Variability in the community consumption of antibiotics: a problem in Europe, Spain and Asturias

Infez Med . 2019 Jun 1;27(2):134-140.

Fecha de la publicación: 01/06/2019

Autor: Maria Luisa Sanchez (1), Manuel Javier Vallina-Victorero (2), Maria Rosario Bachiller (3), Ricardo Arbizu (1), Eugenia Llaneza (4), Shura Rozada (1), Jose Maria Eiros (5)


  • PMID: 31205035


1Health Services Management Department, Health Service of the Principality of Asturias, Oviedo, Spain.

2Angiology and Vascular Surgery Department. Hospital of Cabuenes, Gijon, Spain.

3Faculty of Medicine, University of Valladolid, Spain.

4Microbiology Department, University Central Hospital of Asturias, Asturias, Spain.

5Microbiology Department, University Hospital «Rio Hortega», Valladolid, Spain.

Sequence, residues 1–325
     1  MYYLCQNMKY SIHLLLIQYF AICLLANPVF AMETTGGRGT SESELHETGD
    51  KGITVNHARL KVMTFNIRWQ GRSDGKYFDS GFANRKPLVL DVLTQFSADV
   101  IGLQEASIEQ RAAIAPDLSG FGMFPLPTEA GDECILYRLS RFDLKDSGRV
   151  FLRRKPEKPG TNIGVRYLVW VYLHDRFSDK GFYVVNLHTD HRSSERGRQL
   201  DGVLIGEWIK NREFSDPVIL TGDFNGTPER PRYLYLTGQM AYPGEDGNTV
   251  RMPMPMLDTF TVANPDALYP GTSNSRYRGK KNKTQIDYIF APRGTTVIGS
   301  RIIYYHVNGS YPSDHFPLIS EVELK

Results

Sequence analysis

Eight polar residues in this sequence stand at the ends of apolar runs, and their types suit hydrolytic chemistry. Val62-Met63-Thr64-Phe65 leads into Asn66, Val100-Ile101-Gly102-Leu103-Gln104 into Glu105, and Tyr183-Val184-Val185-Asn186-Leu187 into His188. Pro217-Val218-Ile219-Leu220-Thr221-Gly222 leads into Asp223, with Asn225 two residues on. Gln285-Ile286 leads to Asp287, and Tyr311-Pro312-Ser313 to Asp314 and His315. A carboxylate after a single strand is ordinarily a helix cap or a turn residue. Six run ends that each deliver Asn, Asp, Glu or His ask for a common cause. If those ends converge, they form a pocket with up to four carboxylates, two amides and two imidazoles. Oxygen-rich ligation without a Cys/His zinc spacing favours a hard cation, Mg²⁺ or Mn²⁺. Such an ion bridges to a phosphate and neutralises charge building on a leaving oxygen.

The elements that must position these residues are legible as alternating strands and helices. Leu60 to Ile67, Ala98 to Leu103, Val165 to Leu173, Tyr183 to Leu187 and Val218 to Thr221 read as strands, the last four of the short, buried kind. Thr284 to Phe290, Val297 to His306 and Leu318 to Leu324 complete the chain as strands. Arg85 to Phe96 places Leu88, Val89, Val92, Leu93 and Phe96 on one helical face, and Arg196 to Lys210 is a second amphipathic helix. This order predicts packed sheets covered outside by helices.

Increasing bacterial resistance is strictly correlated to the increasing use of antibiotics, currently constituting a public health problem. The aim of this study was to describe the consumption of antibiotics in Asturias, an autonomous community in northwestern Spain, and compare the results obtained with data from elsewhere in Spain and other European countries. A descriptive study was carried out on the use of antibacterial drugs for systemic use, ATC code J01 in Asturias in 2011-2015. Data were obtained from the prescription-billing information system charged to the Health Service of Asturias. The consumption data are expressed in daily doses per 1,000 inhabitants and day (DHD), and number of packages per thousand inhabitants per day. The average weighted consumption of antibiotics for systemic use in the Asturian community was 26.23 daily doses per 1000 inhabitants per day (DHD) in 2015. This figure was higher than that of the EU/EEA population, which was 22.4 DHD, and that of the whole of Spain at 22.2 DHD. There is a wide variability in consumption among the different areas of the Asturian region. This variability is common to the rest of the country and Europe. It can be explained by the influence of the data used in the indicators and by the variability in medical practice. Priority should be given to homologating consumer-monitoring information systems and implementing national strategies aimed at providing more information to medical practitioners, encouraging the appropriate use of antibiotics so as to reduce variability, consumption and resistance.